Hot answers tagged android
Unless I missed something I do not believe this is automatic. These sites have made a special mobile versions of their site and are redirecting them there automatically through code on their servers. If you know PHP there is a handy PHP code generator that will create the code for depending on your exact needs. This site seems to offer many more languages. ...
You will definitely have to build your own redirect. It really depends on you language as to how to do it. Also, this was asked on SO a while back, here. Check out WURLF as the SO answer suggests. When you make the redirect you will want to make sure to use a 302 Redirect.
MP3 MP3 is the most popular format and it's supported by most of phones, including Android, Windows Phone, Symbian... iPhone? m4r iPhone apparently uses another format, M4R, as I understand it's just a regular iTunes AAC with a different extension. It's very easy to convert an MP3 to iPhone ringtone. see this What to do You can either add two ...
The technique you're looking for is called responsive design, utilizing CSS3, this approach allows the content layout and text sizing to change according to the user's browser window size or the screen resolution of their chosen device. Here are a few resources/links/ideas:- CSS Tricks is a great example of responsive design in action SpeckyBoy magazine ...
How are you planning on detecting whether a user is surfing on a mobile device or not? Keep in mind that not all mobile browsers behave like mobile browsers. In fact, the browser on many newer smart phones seem to try to pass themselves off as regular desktop browsers since they already match most features of a full-fledged desktop browser and don't want to ...
I personally access the web from my phone about 90% of the time when I'm not at work so if it doesn't work on the phone it is not a viable option for me, but currently the overwhelming population still uses desktops or laptops, so you should still have a sizable potential user base by ignoring mobile. I ascribe to the theory of "if you're trying to please ...
16x16 is still best practice, this isn't something that is likely to change soon. To answer your second question; Mobile devices that try and include an image for a bookmark or website generally use the favicon. I can't speak for them all but certainly the ones you mentioned there don't have any special icon type or setting.
Androids use the Android Browser as well as a few others that they can download. You can test your website on using an Android VM on your local machine. While for iPhone, iPad testing I recommend you get yourself these devices as there is no VM's available for these devices and the online emulators are not the real deal.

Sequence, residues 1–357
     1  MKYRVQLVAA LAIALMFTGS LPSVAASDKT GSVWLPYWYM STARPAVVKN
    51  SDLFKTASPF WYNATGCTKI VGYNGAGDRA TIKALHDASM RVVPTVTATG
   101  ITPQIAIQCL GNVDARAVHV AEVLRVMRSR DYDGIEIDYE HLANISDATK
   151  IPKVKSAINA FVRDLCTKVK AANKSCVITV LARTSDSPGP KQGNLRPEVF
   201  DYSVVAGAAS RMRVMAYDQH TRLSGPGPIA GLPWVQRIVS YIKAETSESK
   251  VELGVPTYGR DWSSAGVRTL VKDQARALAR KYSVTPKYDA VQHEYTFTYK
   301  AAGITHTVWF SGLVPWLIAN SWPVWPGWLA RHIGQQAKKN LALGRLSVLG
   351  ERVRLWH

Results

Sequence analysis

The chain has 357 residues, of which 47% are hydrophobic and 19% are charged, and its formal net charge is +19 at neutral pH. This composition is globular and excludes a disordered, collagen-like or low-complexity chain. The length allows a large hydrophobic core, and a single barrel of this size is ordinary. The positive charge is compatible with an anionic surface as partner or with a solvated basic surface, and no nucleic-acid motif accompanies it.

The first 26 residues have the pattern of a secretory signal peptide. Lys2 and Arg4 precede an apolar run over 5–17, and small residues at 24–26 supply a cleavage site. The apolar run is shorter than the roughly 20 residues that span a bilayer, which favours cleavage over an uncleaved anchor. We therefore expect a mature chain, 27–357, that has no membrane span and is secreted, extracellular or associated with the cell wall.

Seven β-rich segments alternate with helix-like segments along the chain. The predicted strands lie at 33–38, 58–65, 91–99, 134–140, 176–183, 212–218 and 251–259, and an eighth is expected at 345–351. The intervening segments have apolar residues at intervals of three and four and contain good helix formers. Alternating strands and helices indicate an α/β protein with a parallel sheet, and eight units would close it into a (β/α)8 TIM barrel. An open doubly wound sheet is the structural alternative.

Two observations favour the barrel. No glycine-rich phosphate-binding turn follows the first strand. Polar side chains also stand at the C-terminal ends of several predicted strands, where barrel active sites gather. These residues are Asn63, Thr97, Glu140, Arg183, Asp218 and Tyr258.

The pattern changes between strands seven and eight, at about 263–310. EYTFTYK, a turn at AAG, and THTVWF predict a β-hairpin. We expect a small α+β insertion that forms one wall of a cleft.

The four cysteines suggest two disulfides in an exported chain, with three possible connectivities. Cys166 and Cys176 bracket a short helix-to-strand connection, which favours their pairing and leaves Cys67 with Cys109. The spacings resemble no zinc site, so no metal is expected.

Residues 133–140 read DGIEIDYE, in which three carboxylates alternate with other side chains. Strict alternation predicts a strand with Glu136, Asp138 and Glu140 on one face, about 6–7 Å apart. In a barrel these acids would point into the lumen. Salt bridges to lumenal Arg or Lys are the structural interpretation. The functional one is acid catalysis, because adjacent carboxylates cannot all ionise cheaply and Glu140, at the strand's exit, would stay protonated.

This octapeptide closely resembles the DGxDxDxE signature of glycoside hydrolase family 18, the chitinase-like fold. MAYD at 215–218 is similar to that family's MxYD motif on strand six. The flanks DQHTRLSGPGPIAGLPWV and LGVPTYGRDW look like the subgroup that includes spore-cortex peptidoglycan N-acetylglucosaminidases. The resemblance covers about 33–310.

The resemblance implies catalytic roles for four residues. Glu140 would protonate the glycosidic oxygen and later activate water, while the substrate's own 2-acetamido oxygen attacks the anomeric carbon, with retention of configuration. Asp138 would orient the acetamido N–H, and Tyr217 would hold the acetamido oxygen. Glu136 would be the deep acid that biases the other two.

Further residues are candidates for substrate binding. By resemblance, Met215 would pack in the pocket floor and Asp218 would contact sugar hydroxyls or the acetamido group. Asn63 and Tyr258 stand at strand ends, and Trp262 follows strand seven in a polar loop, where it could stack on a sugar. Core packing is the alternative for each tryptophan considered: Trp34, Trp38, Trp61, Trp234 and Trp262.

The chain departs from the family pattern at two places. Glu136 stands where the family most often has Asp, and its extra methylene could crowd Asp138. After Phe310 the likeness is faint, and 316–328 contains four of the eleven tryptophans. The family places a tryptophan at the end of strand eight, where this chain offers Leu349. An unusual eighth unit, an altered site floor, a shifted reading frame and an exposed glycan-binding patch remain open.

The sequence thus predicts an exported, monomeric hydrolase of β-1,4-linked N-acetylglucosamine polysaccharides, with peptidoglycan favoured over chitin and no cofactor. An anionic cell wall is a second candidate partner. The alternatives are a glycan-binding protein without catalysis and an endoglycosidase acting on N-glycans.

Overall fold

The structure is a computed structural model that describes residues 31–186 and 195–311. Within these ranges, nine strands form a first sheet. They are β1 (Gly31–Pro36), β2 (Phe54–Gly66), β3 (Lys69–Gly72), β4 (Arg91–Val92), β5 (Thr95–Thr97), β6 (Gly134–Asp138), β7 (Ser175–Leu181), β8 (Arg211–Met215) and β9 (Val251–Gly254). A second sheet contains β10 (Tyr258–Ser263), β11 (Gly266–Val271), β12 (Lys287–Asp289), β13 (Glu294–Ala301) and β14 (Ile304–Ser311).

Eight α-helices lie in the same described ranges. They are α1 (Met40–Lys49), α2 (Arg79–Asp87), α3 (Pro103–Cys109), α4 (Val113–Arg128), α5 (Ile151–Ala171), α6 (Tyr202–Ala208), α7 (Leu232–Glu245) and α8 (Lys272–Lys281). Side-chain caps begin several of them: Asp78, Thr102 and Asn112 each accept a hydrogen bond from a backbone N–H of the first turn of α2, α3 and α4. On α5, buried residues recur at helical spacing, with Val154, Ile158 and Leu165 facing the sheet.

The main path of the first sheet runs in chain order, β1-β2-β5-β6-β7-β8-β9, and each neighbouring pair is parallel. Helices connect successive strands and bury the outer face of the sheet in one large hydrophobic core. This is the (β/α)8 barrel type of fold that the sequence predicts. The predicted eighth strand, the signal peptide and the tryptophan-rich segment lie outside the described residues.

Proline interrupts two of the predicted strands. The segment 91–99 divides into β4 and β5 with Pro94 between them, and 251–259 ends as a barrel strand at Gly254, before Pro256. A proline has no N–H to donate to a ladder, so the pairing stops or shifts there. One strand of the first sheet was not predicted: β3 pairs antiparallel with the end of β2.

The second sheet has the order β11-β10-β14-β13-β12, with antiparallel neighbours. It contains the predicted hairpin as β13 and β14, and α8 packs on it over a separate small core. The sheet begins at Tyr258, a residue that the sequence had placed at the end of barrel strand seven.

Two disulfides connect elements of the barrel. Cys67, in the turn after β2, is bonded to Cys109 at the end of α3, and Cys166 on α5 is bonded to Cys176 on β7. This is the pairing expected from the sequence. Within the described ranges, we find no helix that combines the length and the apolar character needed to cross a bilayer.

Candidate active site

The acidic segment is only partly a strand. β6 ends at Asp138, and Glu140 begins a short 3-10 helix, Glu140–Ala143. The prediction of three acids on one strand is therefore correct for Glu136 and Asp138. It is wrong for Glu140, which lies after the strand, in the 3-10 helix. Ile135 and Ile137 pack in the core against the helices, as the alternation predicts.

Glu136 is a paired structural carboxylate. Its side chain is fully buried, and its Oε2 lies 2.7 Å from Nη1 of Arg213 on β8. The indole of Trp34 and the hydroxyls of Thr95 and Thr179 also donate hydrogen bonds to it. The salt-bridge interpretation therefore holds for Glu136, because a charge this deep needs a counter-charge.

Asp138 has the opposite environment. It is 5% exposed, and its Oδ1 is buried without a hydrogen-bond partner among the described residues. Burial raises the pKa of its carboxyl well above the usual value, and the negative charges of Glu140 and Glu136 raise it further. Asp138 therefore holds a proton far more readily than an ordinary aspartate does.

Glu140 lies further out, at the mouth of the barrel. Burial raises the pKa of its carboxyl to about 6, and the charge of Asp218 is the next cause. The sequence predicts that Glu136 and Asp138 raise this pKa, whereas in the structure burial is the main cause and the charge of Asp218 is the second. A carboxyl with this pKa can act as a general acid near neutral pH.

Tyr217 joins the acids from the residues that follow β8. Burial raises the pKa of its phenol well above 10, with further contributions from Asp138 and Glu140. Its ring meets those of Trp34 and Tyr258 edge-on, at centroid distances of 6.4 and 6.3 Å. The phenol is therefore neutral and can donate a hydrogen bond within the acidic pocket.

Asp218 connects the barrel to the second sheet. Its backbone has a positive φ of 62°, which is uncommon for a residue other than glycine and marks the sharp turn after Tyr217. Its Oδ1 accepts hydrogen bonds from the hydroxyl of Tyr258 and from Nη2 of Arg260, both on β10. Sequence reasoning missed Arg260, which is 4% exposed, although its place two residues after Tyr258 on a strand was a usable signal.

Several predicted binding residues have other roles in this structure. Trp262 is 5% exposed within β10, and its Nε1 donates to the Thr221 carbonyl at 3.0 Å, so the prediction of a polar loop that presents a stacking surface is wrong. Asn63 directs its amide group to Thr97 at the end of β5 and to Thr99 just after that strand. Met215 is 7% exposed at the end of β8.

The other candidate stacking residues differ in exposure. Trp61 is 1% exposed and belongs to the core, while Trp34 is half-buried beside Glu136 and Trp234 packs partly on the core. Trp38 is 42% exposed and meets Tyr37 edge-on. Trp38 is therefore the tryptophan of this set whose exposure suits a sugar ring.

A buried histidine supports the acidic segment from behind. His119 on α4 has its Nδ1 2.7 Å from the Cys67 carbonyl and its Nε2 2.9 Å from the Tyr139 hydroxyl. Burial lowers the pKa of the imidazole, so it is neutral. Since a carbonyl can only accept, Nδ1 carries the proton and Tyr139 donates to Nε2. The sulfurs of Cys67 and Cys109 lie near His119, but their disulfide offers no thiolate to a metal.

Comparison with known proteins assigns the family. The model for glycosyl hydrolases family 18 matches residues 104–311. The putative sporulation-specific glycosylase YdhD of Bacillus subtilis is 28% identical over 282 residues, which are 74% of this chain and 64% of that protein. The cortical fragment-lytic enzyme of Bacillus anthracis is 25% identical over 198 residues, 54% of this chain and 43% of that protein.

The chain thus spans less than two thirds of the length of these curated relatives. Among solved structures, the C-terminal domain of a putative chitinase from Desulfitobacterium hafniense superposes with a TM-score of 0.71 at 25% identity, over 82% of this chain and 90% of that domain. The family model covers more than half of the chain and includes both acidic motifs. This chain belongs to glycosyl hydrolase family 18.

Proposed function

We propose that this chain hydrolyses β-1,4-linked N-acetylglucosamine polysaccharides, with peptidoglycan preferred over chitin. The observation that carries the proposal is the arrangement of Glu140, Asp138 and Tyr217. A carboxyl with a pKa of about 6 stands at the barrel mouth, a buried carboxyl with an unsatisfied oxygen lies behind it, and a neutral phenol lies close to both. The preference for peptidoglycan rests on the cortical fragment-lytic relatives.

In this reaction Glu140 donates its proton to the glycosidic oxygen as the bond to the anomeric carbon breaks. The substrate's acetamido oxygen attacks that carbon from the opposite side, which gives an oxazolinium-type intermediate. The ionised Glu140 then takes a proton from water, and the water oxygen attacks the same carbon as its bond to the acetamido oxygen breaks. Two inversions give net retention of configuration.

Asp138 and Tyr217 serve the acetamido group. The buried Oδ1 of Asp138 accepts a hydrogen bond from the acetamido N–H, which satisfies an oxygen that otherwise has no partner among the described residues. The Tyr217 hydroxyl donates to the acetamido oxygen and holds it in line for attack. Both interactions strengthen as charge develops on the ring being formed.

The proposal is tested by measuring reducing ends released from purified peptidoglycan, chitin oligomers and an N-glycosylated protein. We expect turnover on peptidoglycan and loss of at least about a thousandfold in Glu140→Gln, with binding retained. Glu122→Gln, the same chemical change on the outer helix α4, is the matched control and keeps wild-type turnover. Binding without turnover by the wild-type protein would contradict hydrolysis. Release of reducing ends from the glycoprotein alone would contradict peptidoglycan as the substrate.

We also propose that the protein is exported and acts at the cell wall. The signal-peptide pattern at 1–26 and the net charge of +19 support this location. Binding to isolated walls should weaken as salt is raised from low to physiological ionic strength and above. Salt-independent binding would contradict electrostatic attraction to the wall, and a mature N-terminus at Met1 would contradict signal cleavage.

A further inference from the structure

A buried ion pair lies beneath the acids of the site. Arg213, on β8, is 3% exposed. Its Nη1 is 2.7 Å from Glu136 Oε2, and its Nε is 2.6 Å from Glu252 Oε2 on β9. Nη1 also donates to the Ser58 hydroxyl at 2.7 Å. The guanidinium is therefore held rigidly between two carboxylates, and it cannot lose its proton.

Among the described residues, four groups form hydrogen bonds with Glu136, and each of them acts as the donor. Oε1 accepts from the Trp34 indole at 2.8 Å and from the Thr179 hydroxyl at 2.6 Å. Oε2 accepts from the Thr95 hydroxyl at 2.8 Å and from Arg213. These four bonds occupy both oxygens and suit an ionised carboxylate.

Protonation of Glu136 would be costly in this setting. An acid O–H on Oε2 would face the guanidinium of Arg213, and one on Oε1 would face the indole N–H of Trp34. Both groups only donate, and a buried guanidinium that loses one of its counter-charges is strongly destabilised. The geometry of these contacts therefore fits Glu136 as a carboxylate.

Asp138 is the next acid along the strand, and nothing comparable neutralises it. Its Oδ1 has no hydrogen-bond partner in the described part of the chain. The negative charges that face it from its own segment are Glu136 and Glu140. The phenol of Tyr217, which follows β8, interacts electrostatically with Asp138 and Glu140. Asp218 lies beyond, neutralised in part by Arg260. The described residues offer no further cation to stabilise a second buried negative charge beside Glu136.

That depends on the device and version. The most common, particularly for less new devices is the Android Browser. Like Chrome, it is based on Webkit and identifies itself as: Mozilla/5.0 (Linux; U; Android x.x; Build/xx) AppleWebKit/530.17 (KHTML like Gecko) Version/4.0 Mobile Safari 530/17 Most recent - at least those from Google - devices use Chrome ...
I can't seem to find anything either about this, but the one thing I can assume is that because the mobile screen is much smaller that the scroll speed is probably faster, e.g. if you do a big long swipe on the mobile vs a swipe on the desktop it wouldn't scroll as fast because there is less data to scroll.
I can't speak for Android but a quick search would seem to suggest it's handled by an app or free reader app rather than the browser. The iPhone opens PDF's on the fly in Safari and if you save them it saves them in iBook. You don't have to do anything special to achieve this just link to the PDF as you normally would.
Yes, it is common practise. As a matter of fact, there are frameworks out there that gives you the possibility to deploy mobile-friendly websites to multiple mobile platforms, such as: PhoneGap Titanium Mobile
Well, it should not be too hard depending on your level of knowledge of Objective C and Java. If I were you, check out a book called iPhone Programming The big nerd ranch guide by Joe Conway and Aaron Hillegass. That should get you going in the right direction for iPhone programming. Android I can not really say as I do not know much about it nor have read ...
iPhone and iPads don't support flash and the only SSH you get is on either jailbroken (and that isn't very good, or so I have heard) or on a server. There is support for ftp and svn as long as you don't want to actually run the files locally. I use my ipad for edits on the go that I can then upload and view on my server. One option is the Nokia Internet ...
you can use UserAgent detection, or you can use the jQuery.support(). Since you are looking for specific functionality, you can combine the two to get what you want. UserAgent might actually be your best bet. Do this with a .htaccess file to cut down on your http requests, and possibly flashing your main site before redirection in the case of slow ...
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